According to experts, Measurement-Based Care (MBC) is widely regarded as the gold standard in treating addictions. A compelling story in the Orange County Business Journal shows that only around 20% of doctors adapt an MBC strategy when caring for patients with substance use disorders when the United States is experiencing a drug war.
A New Approach to Addiction
Dr. Tonmoy Sharma, author, and mental health specialist, states that the stereotype of people with track-streaked arms perishing in city gutters and crack homes has long given way to a new reality. The nightly news is now replete with videos of suburban parents wringing their hands over the picture of their clean-cut high school or college athlete who succumbed to drugs.
Mental health specialist Dr. Tonmoy Sharma explains the foundations of MBC and why it is a successful method in treating patients with substance use disorders. He defines measurement-based care as “the process of basing clinical care on client data acquired throughout treatment.” It is a crucial component of evidence-based practices, he argues.
According to him, the principle is simple: gathering data on patients’ treatment input allows doctors to determine whether their strategy is working and adjust it properly during the care process. Measurement-based care is effective in any setting and for any disorder.
It’s not a case of brain surgery; it’s a case of data.
MBC requires soliciting frequent and periodic feedback from patients on their care in addiction therapy, and it also has a low cost to the provider and can be used in any medical setting.
Patients provide the ‘outcome measures,’ which are used to assess how well treatment is working. There are numerous free, brief surveys that patients can complete to assist therapists in determining what is working and what is not working throughout treatment. Throughout the therapy process, patient input informs clinical decisions, and care is changed as needed.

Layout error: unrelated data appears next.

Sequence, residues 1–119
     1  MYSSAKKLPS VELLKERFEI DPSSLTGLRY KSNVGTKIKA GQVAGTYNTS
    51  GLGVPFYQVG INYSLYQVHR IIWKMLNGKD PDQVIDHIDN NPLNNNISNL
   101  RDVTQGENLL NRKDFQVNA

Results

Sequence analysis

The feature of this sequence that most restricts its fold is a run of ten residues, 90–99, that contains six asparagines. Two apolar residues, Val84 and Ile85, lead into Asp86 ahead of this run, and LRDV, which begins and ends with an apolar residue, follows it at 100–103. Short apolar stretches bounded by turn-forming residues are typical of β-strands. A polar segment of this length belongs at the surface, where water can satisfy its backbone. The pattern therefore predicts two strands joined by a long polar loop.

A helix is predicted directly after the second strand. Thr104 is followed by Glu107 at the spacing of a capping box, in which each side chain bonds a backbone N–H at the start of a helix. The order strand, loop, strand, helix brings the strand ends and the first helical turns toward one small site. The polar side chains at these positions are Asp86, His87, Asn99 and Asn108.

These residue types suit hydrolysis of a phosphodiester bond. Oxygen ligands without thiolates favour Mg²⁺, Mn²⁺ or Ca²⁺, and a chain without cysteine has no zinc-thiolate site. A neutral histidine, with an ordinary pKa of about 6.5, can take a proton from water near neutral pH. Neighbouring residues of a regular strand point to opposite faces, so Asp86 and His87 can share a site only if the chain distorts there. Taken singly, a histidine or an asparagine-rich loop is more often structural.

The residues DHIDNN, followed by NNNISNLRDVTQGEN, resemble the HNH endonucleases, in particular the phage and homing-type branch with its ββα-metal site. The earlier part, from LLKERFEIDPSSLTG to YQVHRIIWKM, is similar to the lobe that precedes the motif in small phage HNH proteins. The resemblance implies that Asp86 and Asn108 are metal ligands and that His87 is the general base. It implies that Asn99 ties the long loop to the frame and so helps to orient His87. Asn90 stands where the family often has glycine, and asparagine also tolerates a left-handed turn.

Dr. Tonmoy Sharma, author, and mental health specialist, supports his claim by stating that MBC in the treatment of diabetes is routine: recommend dietary adjustments and potentially medication, and check a patient’s blood sugar levels regularly to assess how the treatment is working. Diet and medication adjustments are made as needed. However, Sharma points out that MBC is not the treatment of choice for addiction.
Mental health specialist Dr. Tonmoy Sharma’s warning is unequivocal. Regarding the limited usage of MBC, he argues, “This is unacceptable.” “In dismissing the call for MBC in addiction treatment, there is nothing to lose except lives and time.” And, as he reminds the reader, there is no time like the present. His parting words were, “The time is now.”
Sovereign Health’s Innovative Approach
Alyssa Bochenek is a Sovereign Media correspondent who delivered a video titled “Sovereign Health Featured in Orange County Business Journal for Measurement-Based Care” in the same edition. The video features interviews with Guy Bezzar, Patient Services Manager at Sovereign Health, Seth Zajac, General Counsel at Sovereign Health, and Kevin Gallagher, Chief Financial Officer at Sovereign Health, to illustrate the relevance of MBC in the behavioral health treatment sector.
“We are to provide the greatest possible care.” When asked about MBC, Guy Bezzar in the film responded, “Every individual who works for Sovereign has this thought process that we are going to go above and beyond to meet this patient’s demands.”
Seth Zajac stated in the film that the rallying cry has not only been heard but acted upon, because it ensures two critical things: one, heightened responsibility for providers in this business, and two, and most importantly, that patients receive the quality and measured care that they deserve.